Crashing your Connected Car (Demo) Can Be a Good Thing

In recent years, Solace has established itself as a leading technology supplier to the connected vehicle market. Our customers include leading car makers, auto parts manufacturers, rail companies and air traffic agencies like the FAA.

While these all make great case studies, nothing beats a live demo. Especially if it ends in a car crash. Who can look away from a car crash?

With that in mind a colleague and I recently put together a demo that simulates simple, visceral examples of how our customers use Solace technology in connected vehicle use cases, including an actual (toy) car crash.

If you’re interested, watch this 90 second video, then read below for a blow-by-blow of what you’ve just seen, what’s going on behind the scenes, and how it applies to real world connected vehicle projects.

Seriously, go ahead. I’ll wait!

OK, let’s talk about what you just saw…


First, I’ll summarize the major components of the demo:

  • Connected cars: The remote control car with the phone strapped to its roof represents a car with embedded sensors and 4G connectivity.
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Introducing Open Data Movement

Today Solace introduced something we’re calling Open Data Movement. I’m going to do just two things here: define Open Data Movement, and give an example in pictures.

Breaking Down the Term

Each of the words are important and we’ve chosen them carefully.


We see this as meaning free from proprietary lock in. Solace’s approach to real-time data movement favors:

  • Open protocols – the defined and de facto standards that have emerged for posting, messaging and streaming, including REST, JMS, MQTT, AMQP 1.0 and WebSockets.
  • Open APIs – where possible, we encourage use of open standard APIs like JMS, Paho or Qpid giving developers and enterprises maximum choice.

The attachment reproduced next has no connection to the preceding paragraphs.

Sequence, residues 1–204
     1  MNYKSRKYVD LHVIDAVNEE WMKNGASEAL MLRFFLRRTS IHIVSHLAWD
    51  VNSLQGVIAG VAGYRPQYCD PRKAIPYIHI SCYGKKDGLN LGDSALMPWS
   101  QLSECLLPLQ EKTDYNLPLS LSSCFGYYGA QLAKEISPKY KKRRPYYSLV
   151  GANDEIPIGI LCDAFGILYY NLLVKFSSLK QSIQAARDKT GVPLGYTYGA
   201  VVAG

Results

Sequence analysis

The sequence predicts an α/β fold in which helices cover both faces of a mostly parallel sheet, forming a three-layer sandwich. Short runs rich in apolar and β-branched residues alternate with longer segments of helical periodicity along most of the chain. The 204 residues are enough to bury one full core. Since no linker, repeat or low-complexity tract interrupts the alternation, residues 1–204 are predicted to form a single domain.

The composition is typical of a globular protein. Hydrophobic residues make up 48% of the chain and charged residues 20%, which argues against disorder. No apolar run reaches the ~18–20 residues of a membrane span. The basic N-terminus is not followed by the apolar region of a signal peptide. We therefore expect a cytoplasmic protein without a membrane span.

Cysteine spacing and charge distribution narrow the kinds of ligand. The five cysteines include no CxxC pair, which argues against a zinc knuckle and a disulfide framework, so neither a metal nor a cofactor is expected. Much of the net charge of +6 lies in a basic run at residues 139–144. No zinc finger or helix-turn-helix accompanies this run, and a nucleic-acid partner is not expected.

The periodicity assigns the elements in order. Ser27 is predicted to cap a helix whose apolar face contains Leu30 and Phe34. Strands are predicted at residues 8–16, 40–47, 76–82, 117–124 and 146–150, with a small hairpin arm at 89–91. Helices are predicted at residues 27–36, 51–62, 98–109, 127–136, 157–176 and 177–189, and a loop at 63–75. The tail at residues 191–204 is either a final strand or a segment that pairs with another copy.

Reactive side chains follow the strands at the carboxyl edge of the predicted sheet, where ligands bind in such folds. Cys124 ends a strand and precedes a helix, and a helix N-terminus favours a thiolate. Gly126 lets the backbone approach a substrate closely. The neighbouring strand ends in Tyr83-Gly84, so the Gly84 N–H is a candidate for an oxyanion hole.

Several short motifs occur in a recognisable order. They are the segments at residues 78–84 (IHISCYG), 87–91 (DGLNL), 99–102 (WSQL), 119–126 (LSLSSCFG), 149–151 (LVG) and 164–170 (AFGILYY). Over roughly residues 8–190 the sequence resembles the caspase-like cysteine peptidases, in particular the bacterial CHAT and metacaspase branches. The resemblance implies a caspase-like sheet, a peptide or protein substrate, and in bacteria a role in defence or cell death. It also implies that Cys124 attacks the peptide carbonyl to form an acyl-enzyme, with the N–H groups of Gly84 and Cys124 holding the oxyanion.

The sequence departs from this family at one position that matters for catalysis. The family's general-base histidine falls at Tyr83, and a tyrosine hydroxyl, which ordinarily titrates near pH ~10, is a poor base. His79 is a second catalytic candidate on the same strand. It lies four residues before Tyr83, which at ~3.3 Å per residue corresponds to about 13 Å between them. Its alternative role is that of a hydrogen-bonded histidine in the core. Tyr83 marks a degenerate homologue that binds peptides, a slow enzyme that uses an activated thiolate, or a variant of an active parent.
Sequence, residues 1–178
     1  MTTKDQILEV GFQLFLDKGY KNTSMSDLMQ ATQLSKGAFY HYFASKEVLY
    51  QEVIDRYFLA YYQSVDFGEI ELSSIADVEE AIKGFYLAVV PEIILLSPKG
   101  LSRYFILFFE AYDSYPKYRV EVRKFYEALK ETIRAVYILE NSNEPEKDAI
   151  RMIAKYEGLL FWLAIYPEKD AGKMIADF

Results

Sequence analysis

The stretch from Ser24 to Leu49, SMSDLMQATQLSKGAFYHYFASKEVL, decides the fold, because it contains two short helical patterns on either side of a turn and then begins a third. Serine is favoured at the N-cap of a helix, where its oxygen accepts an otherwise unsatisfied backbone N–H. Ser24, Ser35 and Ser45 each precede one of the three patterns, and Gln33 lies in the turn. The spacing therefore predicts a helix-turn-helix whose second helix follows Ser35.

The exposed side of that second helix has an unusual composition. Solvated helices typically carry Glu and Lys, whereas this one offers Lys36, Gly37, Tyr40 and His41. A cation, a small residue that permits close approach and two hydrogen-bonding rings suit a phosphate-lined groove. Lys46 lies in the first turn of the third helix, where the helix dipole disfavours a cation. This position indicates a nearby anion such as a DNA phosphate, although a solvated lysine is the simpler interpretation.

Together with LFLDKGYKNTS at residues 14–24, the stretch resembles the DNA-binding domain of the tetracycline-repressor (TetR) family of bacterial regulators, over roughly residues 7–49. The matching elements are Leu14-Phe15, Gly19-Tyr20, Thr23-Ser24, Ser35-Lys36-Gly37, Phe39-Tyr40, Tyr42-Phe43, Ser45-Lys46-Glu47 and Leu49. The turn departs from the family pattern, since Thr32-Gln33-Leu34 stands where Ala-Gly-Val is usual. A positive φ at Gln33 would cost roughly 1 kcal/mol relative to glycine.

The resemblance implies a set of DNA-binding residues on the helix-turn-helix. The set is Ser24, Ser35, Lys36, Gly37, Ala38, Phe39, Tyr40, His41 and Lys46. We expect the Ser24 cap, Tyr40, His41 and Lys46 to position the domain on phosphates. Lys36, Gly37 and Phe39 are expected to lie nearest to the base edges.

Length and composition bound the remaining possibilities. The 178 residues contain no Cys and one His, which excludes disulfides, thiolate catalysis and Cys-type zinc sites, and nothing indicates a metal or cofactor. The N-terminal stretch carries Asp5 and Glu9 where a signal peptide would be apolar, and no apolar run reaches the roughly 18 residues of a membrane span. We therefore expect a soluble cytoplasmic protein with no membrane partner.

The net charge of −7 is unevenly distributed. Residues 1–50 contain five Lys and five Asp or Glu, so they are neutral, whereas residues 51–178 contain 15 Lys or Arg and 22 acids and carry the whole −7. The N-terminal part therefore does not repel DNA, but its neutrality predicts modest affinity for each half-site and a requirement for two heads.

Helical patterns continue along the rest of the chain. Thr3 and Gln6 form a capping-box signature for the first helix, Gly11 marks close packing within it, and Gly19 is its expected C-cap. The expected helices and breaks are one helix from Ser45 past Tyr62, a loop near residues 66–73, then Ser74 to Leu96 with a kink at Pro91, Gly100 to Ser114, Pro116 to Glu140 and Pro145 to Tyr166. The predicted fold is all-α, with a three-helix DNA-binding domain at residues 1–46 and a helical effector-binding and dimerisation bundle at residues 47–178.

• Open to all the popular cloud environments – Solace works the same in private or public IaaS and PaaS platforms, including Amazon Web Services, Microsoft Azure, OpenStack, VMWare, Cloud Foundry, OpenShift and more.
  • Delivering all the message patterns and classes of service – best effort, guaranteed or transactions for request-reply, publish-subscribe, fanin/fanout, and more
  • Openly integrated with popular DevOps tools – Modern products need to be fully integrated from getting started with shared sample code in GitHub, all the way to automating the test, stage and deployment process in tools like Puppet or Bosh (and everything in between).
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Introducing the VMR Community Edition

Editor’s noteWe’ve renamed our product suite. The VMR is now referred to as Solace PubSub+. See our products page for more information.


Today we announced an exciting new version of our Virtual Message Router – the “Community Edition.”

In case you don’t already know and love our VMR, it’s a message broker that runs on general purpose processors or in the cloud. The VMR Enterprise Edition supports your favorite message exchange patterns, qualities of service, open APIs/protocols, and deployment environments – from public and private clouds to virtual machines. And it’s fast: with the V7.2 release all versions of the VMR benchmark at 2-5 times as fast (often even more) as your other choices for message brokering.

This new VMR Community Edition is just as fast and offers all the same features: cloud deployment, JMS, MQTT, REST, guaranteed delivery, unified API and administration, the works! Whatever your favorite Solace messaging feature might be, we haven’t left anything out.… Read the rest

What’s New with the Neon Release of MQTT Paho

In June 2016 Eclipse announced the Neon, (1.2.0), release of the MQTT Paho Java API. The new functionality provided is automatic reconnect and offline buffering (allowing publish to be called when the application is not connected) for the C, Java, JavaScript and Android clients.  As well as WebSockets support for Java, Python.